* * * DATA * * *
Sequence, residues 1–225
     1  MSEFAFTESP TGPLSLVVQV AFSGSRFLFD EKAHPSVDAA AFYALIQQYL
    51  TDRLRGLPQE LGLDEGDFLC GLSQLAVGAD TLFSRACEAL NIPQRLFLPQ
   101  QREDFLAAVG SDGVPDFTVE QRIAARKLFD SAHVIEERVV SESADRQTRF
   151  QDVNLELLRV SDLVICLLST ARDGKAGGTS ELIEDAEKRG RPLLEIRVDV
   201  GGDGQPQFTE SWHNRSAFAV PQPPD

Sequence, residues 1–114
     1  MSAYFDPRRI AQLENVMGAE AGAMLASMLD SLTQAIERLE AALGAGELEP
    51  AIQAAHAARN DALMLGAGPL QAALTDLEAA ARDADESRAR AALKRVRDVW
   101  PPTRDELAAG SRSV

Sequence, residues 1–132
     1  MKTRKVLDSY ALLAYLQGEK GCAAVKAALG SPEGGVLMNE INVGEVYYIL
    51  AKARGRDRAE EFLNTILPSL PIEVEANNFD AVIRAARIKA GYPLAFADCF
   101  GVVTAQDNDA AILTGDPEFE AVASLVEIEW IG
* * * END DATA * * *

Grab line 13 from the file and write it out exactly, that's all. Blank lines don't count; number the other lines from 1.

    51  AKARGRDRAE EFLNTILPSL PIEVEANNFD AVIRAARIKA GYPLAFADCF